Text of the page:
There's even a pic from my wedding :)

Wednesday, April 27, 2011

What I think I've learnt: Part 2 - plus, an exciting announcement!

I'll leave the exciting bit until the bottom of this post, and start with the second thing I think I've learnt thanks to Secrets & Speed Dating:

  • Use what I've already got
I'll be honest and admit I didn't figure this one out myself. My lovely friend Nikki Logan introduced me to this concept when I got really stuck about three quarters into the manuscript (the "right" version, for those who read Part One). My hero and heroine had just made love for the first time, and I'd written this lovely "morning after" scene. But... now what? I knew what my black moment was, but it was far too early for that. I knew I needed to show both my hero and heroine's reactions to this first night together and how nothing could ever be the same again... but the scene I was writing just felt boring.

I'd made the mistake in a previous version of the book of adding in a random plot twist ("ooh, let's have my heroine's mum turn up!"), so I knew that didn't work. But I needed *something* to happen. Something that wasn't contrived but that would keep the tension rolling along nicely.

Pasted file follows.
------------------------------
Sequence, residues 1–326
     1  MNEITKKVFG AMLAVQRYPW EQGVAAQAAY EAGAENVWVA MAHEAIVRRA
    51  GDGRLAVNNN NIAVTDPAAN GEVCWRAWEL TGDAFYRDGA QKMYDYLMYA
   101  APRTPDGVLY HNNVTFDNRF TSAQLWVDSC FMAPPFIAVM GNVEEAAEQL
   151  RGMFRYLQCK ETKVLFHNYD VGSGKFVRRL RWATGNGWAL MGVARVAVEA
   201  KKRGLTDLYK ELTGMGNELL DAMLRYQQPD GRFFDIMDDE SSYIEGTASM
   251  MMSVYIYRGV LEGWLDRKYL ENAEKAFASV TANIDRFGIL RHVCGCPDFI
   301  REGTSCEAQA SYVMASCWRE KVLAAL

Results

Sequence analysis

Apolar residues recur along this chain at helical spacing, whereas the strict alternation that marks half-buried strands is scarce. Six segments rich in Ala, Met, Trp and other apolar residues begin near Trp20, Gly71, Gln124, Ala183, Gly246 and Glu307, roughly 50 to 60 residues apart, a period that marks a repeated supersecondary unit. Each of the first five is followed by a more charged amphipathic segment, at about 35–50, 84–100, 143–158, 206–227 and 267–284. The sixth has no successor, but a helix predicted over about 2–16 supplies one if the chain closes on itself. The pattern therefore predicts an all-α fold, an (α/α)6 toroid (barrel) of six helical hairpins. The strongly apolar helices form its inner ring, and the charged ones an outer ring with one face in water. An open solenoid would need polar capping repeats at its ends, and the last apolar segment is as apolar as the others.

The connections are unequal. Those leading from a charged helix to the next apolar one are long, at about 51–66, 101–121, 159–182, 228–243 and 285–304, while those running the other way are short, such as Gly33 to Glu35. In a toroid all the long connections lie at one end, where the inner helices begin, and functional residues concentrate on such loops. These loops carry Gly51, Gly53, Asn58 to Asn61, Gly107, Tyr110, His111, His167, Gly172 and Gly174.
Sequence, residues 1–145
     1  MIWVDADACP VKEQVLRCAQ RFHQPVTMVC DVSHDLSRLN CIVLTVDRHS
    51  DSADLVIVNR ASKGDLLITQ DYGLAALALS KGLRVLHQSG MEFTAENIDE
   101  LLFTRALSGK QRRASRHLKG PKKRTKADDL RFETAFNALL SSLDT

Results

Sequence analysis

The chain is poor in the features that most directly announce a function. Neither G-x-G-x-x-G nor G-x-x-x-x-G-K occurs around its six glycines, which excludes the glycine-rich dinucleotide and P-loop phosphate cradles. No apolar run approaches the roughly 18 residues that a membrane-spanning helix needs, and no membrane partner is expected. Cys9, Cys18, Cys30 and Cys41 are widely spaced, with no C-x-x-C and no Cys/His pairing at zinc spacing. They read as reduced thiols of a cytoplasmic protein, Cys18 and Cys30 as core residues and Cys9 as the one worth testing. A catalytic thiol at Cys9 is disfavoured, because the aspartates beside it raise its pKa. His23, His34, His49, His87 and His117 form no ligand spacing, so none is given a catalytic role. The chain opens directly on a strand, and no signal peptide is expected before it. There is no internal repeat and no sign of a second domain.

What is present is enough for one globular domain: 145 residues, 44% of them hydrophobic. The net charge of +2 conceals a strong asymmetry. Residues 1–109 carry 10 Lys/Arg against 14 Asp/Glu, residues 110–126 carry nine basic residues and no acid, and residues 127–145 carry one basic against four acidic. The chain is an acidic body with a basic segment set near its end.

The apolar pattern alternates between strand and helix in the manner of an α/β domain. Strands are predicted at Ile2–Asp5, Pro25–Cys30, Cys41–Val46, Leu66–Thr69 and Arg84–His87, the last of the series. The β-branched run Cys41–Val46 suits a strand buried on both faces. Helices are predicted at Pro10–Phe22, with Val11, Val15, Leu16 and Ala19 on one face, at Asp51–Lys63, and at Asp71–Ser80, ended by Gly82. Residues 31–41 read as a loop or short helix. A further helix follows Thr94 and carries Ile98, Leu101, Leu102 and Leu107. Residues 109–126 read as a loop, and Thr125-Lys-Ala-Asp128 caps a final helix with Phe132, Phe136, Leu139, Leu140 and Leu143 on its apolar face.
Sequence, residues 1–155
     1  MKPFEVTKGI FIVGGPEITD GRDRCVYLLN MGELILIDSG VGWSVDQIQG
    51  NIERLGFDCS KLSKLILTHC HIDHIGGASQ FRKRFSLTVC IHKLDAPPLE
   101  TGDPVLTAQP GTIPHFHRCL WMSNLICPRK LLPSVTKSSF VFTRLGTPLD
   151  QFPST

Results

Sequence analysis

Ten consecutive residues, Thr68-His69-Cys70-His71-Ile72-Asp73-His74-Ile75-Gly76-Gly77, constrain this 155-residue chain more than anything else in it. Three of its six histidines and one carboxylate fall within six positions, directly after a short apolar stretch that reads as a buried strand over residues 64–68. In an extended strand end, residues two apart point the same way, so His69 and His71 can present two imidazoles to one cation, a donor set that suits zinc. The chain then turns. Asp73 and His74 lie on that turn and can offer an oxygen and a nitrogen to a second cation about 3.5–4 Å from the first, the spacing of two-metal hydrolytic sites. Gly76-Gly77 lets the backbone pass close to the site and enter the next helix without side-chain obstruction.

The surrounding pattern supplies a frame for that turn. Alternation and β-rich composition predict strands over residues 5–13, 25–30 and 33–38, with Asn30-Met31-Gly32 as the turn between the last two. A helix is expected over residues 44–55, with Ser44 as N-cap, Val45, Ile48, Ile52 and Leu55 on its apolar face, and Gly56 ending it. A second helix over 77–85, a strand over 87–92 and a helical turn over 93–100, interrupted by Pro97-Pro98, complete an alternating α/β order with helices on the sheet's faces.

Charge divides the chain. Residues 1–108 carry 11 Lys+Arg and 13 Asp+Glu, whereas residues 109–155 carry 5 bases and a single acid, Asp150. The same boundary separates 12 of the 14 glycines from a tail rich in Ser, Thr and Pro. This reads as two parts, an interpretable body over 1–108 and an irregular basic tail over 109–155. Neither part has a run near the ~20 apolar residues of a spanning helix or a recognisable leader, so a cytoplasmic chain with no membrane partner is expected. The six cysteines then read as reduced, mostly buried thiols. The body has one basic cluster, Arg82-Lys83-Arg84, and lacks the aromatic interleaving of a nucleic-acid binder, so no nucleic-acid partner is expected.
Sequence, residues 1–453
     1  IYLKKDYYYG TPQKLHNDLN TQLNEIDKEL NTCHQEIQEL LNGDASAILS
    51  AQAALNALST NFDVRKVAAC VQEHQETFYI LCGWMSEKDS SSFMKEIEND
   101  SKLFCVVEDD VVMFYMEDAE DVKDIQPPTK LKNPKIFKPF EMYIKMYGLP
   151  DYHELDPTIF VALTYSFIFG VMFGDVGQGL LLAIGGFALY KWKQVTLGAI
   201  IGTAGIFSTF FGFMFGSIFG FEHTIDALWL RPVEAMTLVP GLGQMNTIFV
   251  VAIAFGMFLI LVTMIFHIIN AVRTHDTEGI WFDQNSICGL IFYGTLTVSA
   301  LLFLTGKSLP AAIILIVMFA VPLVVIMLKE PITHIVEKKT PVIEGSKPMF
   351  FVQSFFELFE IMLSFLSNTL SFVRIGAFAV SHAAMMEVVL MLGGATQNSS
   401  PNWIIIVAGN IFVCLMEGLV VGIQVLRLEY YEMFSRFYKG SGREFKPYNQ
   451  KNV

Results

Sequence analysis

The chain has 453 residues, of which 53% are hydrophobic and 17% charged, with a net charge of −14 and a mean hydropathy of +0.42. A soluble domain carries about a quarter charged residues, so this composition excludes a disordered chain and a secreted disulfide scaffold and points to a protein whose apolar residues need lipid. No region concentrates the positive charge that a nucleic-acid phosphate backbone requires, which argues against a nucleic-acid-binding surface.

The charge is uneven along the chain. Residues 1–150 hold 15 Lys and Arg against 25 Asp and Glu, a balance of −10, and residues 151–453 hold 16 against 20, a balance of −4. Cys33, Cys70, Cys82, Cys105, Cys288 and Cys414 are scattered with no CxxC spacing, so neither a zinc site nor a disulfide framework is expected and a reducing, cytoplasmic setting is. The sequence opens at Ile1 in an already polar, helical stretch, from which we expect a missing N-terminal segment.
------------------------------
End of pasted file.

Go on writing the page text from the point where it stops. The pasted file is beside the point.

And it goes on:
And so Nikki said, "Didn't Sophie say in the previous chapter something something, why don't you use that?" (I'll let you read the book to find out what it was). This was a massive lightbulb for me. I'd had no idea I'd already set up the absolutely perfect scene (yay for my subconscious!) but I never would have noticed without Nikki's prompting. 

But of course, it makes perfect sense. By looking back what you are really doing is revisiting your characters - and their conflicts and motivations. By making sure you use something you've already got, you're ensuring it's the characters that are driving the story forward.